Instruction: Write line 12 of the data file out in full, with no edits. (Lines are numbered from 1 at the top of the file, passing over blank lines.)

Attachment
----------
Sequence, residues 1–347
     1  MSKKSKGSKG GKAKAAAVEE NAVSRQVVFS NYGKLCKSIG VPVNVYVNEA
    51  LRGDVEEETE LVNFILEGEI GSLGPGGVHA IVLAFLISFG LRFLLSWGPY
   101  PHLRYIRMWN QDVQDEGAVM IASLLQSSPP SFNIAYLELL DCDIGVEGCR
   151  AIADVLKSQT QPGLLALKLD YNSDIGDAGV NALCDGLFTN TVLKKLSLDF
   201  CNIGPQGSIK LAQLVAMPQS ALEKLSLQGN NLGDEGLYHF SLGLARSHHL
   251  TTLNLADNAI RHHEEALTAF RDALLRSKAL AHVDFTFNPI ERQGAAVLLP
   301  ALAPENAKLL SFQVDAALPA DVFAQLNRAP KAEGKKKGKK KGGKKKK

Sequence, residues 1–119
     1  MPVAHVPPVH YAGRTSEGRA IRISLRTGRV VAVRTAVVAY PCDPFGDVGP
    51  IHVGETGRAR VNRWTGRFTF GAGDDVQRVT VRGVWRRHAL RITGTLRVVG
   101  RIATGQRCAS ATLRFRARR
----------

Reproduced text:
   101  RIATGQRCAS ATLRFRARR